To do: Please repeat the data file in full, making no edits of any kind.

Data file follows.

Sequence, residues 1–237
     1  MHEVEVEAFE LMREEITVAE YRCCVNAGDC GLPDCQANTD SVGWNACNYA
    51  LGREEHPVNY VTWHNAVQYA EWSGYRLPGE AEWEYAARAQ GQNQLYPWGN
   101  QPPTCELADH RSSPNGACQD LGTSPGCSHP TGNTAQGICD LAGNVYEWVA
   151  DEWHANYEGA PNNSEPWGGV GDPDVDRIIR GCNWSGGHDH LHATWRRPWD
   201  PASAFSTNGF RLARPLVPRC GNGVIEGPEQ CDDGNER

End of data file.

Sequence, residues 1–237
     1  MHEVEVEAFE LMREEITVAE YRCCVNAGDC GLPDCQANTD SVGWNACNYA
    51  LGREEHPVNY VTWHNAVQYA EWSGYRLPGE AEWEYAARAQ GQNQLYPWGN
   101  QPPTCELADH RSSPNGACQD LGTSPGCSHP TGNTAQGICD LAGNVYEWVA
   151  DEWHANYEGA PNNSEPWGGV GDPDVDRIIR GCNWSGGHDH LHATWRRPWD
   201  PASAFSTNGF RLARPLVPRC GNGVIEGPEQ CDDGNER